I jest, of course, but only to illustrate that if you're here for what is apparently the standard of Xianxia protagonists, the closest thing you'll find is a villain written as a deliberate parody of those types of character. I don't read Xianxia, so I don't know for sure, but that's what the discussion I had recently on this story's Discord server leads me to believe.
Eldritch abominations, some cute and some not: check.
Believable characters: mostly check, the ridiculous ones are, I think, written as they are to make a point.
Rich history, deep lore: Yes, this is not, to paraphrase another review, a 'smooth brain' story.
I could say more, but I feel it would be redundant. Just read it, ideally for more than just the first ten or so chapters, and then judge it for yourself. Also, the Discord is a fun place to be, but I'd get up to date on the story first, since a lot of our discussions will be very spoilery for the unwary.
I have read this novel up to 93 chapter and am now re-reading it to get all of the foreshadowing that I missed the first time.
Memories of the Fall is a brilliant story with an excellent storyline with great quality, save for some typos that are very quickly fixed with the help of the community.
The world feels actually lived in, the worldbuilding is deep, so deep actually that at first glance, things seem to be confusing but that impression quickly fades when the real action starts.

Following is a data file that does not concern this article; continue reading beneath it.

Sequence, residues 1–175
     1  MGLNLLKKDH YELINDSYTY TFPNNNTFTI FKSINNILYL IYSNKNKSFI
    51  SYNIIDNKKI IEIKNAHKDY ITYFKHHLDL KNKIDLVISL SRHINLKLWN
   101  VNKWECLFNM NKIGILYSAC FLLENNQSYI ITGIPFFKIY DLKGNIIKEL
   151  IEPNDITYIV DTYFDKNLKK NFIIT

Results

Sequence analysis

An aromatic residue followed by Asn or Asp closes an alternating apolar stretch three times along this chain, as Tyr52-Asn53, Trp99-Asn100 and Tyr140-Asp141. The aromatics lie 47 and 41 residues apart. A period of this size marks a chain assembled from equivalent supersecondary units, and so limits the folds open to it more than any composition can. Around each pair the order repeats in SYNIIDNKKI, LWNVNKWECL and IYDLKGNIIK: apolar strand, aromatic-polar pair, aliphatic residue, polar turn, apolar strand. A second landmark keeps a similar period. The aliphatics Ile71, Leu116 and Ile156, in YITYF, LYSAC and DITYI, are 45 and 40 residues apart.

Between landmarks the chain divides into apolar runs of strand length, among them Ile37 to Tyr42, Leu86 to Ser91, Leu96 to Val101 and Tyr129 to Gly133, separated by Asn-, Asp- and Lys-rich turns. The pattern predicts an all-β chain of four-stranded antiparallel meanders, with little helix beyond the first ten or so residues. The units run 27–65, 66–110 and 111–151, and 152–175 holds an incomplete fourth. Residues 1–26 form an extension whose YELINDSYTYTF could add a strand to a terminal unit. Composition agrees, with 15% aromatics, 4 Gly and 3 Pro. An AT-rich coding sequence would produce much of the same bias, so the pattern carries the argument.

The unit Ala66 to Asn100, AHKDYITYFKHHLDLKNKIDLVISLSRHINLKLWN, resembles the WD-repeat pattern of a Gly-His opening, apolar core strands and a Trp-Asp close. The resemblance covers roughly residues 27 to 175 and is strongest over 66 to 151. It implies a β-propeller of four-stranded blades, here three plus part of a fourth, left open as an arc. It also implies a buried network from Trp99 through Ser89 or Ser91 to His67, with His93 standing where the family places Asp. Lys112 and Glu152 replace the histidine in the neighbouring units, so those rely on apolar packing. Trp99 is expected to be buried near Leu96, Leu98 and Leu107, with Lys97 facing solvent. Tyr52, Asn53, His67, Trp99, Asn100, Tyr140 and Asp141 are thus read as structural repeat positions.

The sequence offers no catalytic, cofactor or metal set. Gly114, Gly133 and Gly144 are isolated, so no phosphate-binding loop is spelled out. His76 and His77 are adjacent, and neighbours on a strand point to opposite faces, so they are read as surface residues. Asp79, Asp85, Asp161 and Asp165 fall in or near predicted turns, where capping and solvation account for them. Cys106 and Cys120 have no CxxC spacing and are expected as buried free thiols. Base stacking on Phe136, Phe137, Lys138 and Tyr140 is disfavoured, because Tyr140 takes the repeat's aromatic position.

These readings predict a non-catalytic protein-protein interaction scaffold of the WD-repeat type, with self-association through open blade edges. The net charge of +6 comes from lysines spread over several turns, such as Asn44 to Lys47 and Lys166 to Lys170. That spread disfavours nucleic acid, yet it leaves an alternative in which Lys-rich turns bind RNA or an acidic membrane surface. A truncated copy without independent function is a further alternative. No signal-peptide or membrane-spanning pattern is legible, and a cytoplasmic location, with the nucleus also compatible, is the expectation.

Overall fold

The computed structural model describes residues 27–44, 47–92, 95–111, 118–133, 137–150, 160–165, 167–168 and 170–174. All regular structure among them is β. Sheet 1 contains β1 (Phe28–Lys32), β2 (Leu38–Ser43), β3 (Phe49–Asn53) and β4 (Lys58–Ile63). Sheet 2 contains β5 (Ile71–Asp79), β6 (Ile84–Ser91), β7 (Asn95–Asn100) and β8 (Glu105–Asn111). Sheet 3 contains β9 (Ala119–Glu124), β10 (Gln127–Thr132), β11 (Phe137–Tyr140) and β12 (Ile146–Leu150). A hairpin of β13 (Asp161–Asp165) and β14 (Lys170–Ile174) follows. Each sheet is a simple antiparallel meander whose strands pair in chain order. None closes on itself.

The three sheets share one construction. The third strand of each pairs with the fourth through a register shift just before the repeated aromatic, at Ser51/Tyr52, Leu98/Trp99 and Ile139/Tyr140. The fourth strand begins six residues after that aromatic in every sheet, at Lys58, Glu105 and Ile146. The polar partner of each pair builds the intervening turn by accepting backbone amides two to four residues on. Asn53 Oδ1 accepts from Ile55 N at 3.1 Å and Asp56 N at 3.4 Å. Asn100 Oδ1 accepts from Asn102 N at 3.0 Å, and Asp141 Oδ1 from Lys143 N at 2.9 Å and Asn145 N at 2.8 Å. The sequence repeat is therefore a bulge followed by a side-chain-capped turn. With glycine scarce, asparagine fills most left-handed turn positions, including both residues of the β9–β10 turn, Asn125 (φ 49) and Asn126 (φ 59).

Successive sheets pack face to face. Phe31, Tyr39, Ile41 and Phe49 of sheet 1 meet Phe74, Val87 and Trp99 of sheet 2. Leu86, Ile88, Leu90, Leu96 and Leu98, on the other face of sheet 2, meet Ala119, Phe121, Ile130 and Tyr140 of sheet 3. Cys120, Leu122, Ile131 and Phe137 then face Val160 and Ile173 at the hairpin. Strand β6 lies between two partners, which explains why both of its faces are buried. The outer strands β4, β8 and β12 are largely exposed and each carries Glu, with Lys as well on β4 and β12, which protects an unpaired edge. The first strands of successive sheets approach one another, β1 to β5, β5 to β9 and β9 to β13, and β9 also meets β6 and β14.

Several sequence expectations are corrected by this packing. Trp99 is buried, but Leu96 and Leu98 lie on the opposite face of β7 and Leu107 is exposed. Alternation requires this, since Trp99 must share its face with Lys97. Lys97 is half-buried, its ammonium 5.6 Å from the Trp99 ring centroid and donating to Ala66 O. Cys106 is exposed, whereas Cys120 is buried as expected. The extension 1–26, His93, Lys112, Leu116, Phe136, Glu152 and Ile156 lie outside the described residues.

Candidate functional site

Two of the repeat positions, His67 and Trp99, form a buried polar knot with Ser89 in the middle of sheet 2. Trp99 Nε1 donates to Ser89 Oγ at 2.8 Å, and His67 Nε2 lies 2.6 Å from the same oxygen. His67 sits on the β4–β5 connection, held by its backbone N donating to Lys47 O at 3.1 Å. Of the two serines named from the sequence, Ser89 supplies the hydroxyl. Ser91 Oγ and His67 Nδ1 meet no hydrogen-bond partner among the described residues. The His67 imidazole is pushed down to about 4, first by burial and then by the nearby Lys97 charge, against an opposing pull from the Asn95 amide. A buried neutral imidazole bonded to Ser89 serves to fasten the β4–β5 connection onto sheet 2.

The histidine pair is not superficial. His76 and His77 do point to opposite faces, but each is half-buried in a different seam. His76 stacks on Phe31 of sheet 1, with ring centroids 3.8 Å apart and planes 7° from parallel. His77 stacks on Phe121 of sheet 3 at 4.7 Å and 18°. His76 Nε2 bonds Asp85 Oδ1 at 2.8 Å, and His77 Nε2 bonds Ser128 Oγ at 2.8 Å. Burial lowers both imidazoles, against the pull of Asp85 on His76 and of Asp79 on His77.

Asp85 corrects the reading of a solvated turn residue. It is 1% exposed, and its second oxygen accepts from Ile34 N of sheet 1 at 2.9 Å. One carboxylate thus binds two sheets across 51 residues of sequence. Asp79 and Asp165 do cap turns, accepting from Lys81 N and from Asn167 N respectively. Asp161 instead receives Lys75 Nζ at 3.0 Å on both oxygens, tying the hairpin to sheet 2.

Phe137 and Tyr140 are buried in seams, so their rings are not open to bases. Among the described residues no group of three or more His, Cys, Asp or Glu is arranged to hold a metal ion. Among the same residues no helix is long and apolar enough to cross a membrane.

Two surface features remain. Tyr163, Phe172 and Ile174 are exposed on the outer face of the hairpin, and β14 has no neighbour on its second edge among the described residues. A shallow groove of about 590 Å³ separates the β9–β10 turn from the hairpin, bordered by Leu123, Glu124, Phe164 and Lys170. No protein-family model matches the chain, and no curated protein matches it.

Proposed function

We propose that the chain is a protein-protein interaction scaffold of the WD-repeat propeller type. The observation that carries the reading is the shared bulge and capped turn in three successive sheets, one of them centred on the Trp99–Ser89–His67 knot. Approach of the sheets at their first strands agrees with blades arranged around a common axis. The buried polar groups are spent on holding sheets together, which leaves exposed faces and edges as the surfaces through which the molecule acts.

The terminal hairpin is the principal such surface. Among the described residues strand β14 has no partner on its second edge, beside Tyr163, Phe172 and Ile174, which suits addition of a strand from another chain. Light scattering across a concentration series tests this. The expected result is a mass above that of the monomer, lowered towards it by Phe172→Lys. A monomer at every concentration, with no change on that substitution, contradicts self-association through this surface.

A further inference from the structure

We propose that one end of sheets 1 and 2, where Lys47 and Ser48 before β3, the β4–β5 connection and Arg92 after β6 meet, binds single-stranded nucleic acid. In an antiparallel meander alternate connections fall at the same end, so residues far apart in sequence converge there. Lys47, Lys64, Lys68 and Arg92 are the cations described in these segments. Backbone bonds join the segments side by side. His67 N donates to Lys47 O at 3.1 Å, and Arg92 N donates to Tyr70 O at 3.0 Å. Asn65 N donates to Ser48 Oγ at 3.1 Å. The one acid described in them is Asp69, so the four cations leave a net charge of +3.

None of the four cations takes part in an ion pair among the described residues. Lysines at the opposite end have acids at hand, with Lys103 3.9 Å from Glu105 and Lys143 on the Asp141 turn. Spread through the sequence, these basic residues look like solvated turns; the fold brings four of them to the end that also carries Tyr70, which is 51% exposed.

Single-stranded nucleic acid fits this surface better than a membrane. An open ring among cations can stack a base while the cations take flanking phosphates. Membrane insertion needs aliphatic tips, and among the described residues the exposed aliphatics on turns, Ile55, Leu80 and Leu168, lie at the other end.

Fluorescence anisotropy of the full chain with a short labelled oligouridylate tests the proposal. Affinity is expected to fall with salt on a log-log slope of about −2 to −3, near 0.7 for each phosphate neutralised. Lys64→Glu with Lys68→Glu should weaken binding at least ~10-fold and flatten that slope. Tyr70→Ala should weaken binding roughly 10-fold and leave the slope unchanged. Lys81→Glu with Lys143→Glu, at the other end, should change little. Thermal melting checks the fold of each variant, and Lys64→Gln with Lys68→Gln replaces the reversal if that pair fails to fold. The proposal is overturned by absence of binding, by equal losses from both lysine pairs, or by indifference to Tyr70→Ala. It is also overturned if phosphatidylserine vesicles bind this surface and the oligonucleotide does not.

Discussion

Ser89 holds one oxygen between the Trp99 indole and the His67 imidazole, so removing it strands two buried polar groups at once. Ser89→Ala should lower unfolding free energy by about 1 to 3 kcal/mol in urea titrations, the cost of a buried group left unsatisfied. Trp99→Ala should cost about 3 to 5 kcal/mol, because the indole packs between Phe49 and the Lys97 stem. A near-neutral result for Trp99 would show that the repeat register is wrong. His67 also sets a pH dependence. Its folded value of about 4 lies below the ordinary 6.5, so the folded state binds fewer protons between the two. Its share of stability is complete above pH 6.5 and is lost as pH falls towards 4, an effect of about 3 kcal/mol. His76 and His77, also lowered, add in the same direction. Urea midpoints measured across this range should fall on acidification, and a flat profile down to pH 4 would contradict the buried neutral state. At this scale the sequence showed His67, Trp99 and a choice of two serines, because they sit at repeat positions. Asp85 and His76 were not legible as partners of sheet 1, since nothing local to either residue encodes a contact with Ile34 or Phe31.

It has so much potential that it's incomparable to other stories on RR.
When I read Xianxia stories I pay special attention to the magic system and the spells/techniques - this story excells in this department:
The cultivation scriptures have cool names but also have the substance that usual stories lack.
The spells/techniques have a consistent system to which they adhere and the power progression is fleshed out pretty quickly.
All around great story, very worth the read.
Memories of the Fall is a brilliantly crafted story that exceeds in both quality and scope almost anything on RoyalRoad. For those skimming trending lists, you might see only 69 chapters and choose to wait for more, but these are not your normal RR chapters. With over 3000 pages written and hundreds more going up every week this story is not for a single sitting.
The world is hugely complex, the worldbuilding is deep, with multiple factions. Everything from local city politics, to cosmic scale factions. MotF is closer in scope to Game of Thrones than your average eastern cultivation fantasy. Perspective changes are frequent, especially early, and you might have to reread to keep them straight because you aren't likely to plow through 3000 pages in one sitting.